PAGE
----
what do u mean by object of the sentence?

An object of a sentence is a part of the predicate of the sentence. It tells us the person or thing upon whom or which the subject is acting upon. In short, it tells us the person or thing upon which the verb is being performed. 

For example: 

Natalia sang a song.

('Song' is an object in the sentence because the subject 'Natalia' performs the verb ('sang') upon the object 'song'.)

Look at a few more examples:

I bought a book.

Taj Mahal is in Agra.

The bag is on the table.

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In everyday language, an object is a thing, something you can see or touch. But in grammar, an object is not necessarily a thing at all!

What is a direct object?


In English grammar, a direct object is a word (usually a noun or a pronoun) or a word group that follows an action verb and is the direct receiver of the action expressed in the verb.

What do we mean by the term direct receiver of the action? We mean that sometimes the action in a verb may be carried over to some word or word group mentioned in the sentence. That word or word group is the receiver of the action and therefore the direct object. Here is an example:
  • The big-game hunter shot the charging rhinoceros.

The verb is an action verb: shot. The subject is the person doing the action of shooting: the big-game hunter. But in this case, there is also a target, a direct receiver of the action of shooting: the rhinoceros. The noun rhinoceros is therefore the direct object of the action verb shot.

How can I find the direct object in a sentence?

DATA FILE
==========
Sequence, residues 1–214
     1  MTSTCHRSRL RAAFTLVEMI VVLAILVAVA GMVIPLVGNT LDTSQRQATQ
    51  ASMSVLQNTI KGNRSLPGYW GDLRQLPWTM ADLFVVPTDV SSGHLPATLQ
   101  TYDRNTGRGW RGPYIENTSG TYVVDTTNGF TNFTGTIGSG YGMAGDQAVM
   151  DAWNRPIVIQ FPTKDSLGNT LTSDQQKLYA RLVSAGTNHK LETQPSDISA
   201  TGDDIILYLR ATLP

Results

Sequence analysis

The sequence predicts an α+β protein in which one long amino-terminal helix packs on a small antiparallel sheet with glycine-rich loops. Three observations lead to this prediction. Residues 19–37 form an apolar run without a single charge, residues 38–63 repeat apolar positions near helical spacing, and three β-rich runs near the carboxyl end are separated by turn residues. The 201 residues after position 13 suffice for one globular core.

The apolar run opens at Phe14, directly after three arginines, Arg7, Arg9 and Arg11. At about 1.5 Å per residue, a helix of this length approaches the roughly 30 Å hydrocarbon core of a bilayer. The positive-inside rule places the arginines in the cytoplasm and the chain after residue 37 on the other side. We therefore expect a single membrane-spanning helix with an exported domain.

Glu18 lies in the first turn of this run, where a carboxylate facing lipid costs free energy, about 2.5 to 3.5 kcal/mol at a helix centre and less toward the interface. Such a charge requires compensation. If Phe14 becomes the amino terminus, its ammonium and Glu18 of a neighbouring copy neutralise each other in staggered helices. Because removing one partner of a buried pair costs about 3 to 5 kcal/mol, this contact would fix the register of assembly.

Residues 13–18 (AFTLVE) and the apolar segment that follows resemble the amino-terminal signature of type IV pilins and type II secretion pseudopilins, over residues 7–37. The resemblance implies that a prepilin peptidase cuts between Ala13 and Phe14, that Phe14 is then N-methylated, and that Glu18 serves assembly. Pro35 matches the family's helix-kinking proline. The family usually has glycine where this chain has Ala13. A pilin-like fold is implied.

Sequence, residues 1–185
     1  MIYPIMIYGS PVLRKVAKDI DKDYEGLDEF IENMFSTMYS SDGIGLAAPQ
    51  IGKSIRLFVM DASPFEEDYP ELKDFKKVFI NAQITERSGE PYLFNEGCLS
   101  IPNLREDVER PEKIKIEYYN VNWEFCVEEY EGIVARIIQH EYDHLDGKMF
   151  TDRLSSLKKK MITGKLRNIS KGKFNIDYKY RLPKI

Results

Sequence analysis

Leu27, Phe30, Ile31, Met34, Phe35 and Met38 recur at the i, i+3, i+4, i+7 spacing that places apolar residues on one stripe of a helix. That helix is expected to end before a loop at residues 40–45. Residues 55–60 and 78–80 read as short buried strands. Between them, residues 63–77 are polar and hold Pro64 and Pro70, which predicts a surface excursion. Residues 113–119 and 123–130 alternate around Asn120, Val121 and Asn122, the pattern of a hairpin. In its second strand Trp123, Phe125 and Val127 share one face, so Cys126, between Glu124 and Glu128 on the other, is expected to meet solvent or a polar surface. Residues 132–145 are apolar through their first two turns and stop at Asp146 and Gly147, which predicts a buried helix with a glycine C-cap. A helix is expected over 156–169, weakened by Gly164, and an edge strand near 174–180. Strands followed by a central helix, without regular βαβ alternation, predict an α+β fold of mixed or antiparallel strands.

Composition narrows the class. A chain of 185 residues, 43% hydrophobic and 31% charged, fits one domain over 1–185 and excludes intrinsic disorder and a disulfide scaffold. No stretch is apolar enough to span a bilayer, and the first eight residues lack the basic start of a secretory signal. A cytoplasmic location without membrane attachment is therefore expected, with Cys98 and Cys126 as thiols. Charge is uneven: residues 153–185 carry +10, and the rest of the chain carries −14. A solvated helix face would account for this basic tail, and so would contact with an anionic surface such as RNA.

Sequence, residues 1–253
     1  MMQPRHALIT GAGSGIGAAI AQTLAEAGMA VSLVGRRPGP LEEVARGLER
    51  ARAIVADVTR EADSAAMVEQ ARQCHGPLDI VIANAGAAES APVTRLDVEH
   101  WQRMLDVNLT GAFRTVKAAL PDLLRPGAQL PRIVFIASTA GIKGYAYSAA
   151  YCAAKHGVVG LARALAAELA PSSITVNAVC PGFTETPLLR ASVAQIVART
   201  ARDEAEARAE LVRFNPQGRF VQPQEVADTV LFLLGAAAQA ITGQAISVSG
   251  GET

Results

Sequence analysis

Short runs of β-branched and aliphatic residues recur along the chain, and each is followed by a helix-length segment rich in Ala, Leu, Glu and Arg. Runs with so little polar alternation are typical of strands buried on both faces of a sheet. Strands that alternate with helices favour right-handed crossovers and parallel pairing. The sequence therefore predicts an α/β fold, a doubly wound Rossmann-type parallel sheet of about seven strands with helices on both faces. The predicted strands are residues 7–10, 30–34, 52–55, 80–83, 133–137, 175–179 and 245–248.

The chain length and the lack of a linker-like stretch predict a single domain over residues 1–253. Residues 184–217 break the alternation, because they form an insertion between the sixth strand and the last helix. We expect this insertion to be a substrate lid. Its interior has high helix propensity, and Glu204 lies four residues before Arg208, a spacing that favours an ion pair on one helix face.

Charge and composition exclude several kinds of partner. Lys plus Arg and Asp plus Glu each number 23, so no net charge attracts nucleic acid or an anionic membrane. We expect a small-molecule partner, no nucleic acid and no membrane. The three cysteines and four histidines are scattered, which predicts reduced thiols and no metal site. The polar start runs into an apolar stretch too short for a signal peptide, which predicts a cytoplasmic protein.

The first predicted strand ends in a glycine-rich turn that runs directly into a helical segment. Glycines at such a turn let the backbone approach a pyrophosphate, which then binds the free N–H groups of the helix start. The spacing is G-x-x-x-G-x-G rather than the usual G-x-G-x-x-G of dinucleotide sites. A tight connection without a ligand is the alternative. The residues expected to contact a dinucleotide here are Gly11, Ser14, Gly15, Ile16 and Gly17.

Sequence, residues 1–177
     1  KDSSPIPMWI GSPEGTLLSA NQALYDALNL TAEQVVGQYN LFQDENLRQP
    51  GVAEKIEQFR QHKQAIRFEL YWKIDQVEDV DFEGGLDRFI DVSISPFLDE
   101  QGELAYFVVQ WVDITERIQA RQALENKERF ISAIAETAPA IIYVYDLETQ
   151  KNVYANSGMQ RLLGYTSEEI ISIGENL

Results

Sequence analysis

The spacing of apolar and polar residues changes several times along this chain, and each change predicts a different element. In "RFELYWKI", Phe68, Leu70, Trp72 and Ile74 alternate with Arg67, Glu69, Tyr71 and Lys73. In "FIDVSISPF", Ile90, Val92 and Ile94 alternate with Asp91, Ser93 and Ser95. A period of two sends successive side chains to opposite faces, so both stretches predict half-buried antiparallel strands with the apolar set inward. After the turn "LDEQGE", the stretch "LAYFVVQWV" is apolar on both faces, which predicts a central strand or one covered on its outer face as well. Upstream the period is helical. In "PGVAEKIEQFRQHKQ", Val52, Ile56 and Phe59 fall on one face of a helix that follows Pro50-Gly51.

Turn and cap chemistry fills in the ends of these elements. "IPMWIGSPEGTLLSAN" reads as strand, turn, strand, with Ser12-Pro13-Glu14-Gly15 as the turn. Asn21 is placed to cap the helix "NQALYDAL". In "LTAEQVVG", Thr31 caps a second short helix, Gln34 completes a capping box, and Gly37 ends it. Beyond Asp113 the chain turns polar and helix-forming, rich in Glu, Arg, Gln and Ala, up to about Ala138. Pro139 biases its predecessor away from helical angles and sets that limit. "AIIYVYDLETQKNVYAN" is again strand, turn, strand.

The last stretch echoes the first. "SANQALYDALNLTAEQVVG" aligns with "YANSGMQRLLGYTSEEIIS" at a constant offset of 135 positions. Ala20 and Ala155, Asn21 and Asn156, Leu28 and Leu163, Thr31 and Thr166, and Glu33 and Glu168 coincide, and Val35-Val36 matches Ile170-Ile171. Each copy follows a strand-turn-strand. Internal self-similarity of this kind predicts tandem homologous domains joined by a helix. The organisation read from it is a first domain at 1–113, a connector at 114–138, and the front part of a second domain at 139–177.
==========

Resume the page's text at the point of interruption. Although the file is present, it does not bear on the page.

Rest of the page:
If you are wondering whether there is a direct object in a sentence, look for an action verb. If you find one, ask the question what? or whom? after the verb. The word or word group that answers the question will be the direct object.

We can do that with each of the examples below:

  • The big-game hunter shot the charging rhinoceros.
    • (Shot what? The rhinoceros. Direct object = noun rhinoceros)
  • The neighbours’ poodle chased me up a tree.
    • (Chased whom? Me. Direct object = pronoun me)
  • Brent likes selling gas in Saskatchewan.
    • (Likes what? Selling gas in Saskatchewan. Direct object = word groupselling gas in Saskatchewan)
  • I do not understand how your gerbil got into the laundry hamper.
    • (Do not understand what? How your gerbil got into the laundry hamper. Direct object = word group how your gerbil got into the laundry hamper)


  • Alison smiled pleasantly.
    • (Smiled what? There’s nothing to answer the question; in fact, the question doesn’t even make sense. So there’s no direct object.)

As you can see, direct objects are an important part of many sentences. Learning to recognize them will help you master sentence structure and become a better writer.

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